“What?”

“Making fun of Lyft.”

“No.”

On a ride through the back roads of the Western Addition, I tried to explain to another guy the tension between the Smartphone Hailed Internet Transportation Services and cab drivers and why the Lyft mustaches on my taxi were so hilarious.

“You mean you can’t do Lyft in a cab?” he asked. “I always assumed you guys were all the same.”

The same?

Sure, the lines are blurry these days: Flywheel is an app and a taxi company; most Uber drivers are Lyft drivers and vice versa; decommissioned Yellow cabs are used as Uber-Lyft cars; Towncar drivers slap fake TCP numbers on their bumpers to access commercial lanes; out-of-town cabs come into The City all the time and pick up street hails; and now Uber-Lyft drivers are putting toplights on their Priuses.

According to a recent study from Northeastern University, the streets of San Francisco are congested with more than 10,000 vehicles for hire on average. During a holiday like Halloween, that number is considerably higher. But only taxicabs are required to follow rules and regulations. Everyone else is free to play make-believe all they want.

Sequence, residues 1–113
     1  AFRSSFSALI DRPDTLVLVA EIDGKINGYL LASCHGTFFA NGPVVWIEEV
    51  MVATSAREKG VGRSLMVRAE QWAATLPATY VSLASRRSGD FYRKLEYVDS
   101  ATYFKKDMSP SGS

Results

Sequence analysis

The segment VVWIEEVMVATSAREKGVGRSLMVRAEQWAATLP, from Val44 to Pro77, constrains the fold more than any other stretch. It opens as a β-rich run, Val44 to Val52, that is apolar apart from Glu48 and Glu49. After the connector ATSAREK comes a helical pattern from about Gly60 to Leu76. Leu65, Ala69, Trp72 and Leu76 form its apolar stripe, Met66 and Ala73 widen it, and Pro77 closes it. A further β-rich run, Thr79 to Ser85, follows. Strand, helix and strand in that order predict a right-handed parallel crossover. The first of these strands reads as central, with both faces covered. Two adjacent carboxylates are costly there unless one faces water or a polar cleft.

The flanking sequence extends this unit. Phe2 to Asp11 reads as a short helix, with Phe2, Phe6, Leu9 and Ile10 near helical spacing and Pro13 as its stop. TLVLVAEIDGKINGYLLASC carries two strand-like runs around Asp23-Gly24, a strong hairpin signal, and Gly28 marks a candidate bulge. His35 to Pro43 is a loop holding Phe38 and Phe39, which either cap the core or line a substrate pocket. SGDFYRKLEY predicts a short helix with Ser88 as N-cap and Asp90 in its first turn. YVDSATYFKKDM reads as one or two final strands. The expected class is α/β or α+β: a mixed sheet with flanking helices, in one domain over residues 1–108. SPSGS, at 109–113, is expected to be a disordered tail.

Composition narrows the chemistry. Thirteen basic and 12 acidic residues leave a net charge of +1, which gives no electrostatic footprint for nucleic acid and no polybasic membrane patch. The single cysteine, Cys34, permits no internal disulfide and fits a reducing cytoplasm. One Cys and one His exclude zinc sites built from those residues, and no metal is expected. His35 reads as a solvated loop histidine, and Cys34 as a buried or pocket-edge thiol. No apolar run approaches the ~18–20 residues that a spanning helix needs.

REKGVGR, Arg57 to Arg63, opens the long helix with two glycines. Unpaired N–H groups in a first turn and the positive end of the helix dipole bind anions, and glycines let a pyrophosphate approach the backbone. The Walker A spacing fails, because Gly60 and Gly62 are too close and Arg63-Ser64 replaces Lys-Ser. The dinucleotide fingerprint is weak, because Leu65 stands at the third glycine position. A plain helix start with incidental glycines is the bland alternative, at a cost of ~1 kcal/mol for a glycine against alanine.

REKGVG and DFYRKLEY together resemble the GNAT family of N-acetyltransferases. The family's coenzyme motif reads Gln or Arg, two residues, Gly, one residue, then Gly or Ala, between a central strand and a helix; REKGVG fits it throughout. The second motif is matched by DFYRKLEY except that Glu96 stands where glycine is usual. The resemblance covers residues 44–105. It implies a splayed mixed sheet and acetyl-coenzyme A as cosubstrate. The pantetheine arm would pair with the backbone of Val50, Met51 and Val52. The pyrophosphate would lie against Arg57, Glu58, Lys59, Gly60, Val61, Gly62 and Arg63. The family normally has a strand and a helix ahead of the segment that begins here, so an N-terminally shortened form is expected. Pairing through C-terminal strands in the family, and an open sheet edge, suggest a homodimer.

It doesn’t even matter if the portrayal is convincing. The general population just wants the cheapest and most convenient ride available. Who provides the actual service, whether they’re knockoffs or the real McCoy, is completely irrelevant.

Especially on Halloween.

____________________

Originally appeared in the S.F. Examiner.

In Traffic We Become Something Bigger

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Originally published in the S.F. Examiner on August 14, 2019.

Everything hit at once last weekend. Besides Outside Lands, the Giants were at home and, on Saturday, there was the Pistahan parade and festival.